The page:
Complexity effects on the children's gambling task
MetadataShow full item record
The Children's Gambling Task (CGT, Kerr & Zelazo, 2004) involves integrating information about losses and gains to maximize winnings when selecting cards from two decks. Both Cognitive Complexity and Control (CCC) theory and Relational Complexity (RC) theory attribute younger children's difficulty to task complexity. In CCC theory, identification of the advantageous deck requires formulation of a higher-order rule so that gains and losses can be considered in contradistinction. According to RC theory, it entails processing the ternary relation linking three variables (deck, magnitude of gain, magnitude of loss). We designed two less complex binary-relational versions in which either loss or gain varied across decks, with the other held constant. The three closely matched versions were administered to 3-, 4-, and 5-year-olds. Consistent with complexity explanations, children in all age groups selected cards from the advantageous deck in the binary-relational versions, but only 5-year-olds did so on the ternary-relational CGT.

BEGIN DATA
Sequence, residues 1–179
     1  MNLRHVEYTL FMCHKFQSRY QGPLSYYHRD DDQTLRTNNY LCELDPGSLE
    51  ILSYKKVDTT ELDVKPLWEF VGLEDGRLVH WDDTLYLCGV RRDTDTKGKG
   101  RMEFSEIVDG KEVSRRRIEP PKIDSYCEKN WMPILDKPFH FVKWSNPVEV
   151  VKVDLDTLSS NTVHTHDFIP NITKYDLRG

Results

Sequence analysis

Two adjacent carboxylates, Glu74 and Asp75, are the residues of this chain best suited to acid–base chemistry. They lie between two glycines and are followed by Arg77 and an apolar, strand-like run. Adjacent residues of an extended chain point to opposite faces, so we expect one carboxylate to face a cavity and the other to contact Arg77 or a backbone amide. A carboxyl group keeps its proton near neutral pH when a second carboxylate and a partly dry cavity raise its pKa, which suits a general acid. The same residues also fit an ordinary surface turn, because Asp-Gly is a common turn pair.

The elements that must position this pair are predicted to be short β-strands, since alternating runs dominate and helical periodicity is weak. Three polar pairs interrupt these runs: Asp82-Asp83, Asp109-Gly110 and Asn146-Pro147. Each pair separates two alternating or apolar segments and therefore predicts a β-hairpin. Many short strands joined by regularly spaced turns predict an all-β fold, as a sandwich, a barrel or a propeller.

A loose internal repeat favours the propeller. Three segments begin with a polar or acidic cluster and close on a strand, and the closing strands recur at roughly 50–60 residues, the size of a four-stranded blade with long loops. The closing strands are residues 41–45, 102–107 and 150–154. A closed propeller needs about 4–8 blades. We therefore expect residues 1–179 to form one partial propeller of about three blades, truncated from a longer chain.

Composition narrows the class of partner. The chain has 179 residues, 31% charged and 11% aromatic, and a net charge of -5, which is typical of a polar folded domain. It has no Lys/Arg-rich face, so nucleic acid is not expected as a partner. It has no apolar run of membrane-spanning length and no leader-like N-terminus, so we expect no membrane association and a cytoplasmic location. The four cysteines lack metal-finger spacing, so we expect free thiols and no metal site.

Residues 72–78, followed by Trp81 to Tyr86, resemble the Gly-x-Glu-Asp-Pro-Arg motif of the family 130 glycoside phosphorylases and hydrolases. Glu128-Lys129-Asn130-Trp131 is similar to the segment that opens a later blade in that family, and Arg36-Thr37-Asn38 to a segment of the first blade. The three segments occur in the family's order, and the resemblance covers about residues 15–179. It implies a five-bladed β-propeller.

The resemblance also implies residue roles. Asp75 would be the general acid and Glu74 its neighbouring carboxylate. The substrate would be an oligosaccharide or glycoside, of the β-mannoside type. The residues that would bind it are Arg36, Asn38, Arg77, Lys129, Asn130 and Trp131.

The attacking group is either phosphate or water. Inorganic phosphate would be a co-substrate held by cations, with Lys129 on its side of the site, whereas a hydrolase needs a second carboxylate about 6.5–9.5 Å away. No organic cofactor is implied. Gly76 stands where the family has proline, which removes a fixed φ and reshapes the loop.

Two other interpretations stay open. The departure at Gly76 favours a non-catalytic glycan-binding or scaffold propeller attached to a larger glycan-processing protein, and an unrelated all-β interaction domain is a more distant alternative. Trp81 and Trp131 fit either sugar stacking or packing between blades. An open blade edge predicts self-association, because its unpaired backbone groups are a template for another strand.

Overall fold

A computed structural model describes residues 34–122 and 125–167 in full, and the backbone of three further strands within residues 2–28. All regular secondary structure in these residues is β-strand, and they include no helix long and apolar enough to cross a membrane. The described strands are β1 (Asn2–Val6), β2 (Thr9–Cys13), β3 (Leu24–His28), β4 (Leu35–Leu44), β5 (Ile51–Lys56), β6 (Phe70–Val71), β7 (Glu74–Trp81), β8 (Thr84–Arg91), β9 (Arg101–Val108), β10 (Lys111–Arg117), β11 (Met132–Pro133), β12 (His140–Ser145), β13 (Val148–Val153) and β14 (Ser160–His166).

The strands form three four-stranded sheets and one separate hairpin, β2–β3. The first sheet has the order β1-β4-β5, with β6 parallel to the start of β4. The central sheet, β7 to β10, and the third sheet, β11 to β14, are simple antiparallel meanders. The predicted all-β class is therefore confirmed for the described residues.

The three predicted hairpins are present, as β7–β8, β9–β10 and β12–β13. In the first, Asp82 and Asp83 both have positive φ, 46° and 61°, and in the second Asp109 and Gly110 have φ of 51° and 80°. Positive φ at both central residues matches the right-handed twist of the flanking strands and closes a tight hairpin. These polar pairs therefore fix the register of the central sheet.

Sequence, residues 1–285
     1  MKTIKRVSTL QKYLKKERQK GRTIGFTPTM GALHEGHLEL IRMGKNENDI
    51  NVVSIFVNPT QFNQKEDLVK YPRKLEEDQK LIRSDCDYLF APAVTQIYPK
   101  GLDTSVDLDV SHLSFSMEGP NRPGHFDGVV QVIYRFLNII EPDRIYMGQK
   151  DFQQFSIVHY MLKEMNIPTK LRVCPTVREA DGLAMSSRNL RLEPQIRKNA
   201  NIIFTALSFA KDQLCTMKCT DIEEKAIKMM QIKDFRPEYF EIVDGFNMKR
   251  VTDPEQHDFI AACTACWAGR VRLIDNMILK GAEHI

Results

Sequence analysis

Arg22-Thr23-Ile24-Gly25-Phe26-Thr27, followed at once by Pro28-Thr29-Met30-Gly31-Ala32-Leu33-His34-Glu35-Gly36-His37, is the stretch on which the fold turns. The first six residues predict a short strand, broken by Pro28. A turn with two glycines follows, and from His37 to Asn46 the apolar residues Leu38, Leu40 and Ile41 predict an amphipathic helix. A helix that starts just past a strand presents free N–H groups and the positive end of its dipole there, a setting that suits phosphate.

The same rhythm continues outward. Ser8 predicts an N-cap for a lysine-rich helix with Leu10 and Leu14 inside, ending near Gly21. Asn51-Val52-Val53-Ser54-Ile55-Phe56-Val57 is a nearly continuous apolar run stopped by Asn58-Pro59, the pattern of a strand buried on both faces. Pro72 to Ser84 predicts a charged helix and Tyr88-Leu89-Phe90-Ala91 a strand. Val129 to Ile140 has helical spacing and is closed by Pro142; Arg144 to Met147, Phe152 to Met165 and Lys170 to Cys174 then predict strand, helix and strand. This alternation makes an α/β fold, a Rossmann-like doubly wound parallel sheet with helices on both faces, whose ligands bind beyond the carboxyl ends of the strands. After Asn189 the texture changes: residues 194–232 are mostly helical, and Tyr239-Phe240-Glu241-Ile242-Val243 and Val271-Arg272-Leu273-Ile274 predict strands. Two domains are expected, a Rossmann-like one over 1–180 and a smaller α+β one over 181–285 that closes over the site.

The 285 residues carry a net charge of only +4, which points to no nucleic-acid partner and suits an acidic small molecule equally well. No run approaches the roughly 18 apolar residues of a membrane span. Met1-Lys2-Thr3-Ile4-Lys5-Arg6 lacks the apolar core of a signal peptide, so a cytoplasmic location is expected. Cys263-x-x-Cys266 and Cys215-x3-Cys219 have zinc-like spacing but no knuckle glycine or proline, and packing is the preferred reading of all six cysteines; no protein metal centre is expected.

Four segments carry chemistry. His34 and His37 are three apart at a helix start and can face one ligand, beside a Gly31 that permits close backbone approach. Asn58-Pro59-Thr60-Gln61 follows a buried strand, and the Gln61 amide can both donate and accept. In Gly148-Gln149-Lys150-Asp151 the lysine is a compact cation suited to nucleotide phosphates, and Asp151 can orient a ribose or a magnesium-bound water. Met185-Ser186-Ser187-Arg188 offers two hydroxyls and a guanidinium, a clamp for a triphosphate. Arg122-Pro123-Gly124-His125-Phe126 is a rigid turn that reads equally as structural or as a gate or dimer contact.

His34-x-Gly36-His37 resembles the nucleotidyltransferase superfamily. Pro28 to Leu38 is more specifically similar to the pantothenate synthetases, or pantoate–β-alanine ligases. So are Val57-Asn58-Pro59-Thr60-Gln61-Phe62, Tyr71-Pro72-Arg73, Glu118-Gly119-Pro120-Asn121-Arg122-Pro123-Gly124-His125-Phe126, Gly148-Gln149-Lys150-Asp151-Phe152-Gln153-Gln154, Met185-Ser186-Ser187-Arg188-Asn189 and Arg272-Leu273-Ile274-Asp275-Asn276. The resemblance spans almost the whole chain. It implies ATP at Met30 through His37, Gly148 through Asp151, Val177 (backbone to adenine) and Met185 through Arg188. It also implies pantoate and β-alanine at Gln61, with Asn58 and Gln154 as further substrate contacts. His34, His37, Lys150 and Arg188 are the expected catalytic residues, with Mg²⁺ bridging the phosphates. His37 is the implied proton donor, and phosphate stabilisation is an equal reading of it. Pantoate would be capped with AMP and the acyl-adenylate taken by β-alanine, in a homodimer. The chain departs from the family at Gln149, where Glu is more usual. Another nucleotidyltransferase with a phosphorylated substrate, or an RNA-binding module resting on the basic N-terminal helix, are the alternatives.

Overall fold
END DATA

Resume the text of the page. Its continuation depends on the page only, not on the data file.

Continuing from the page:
© 2007 Elsevier. Please refer to the journal's website for access to the definitive, published version.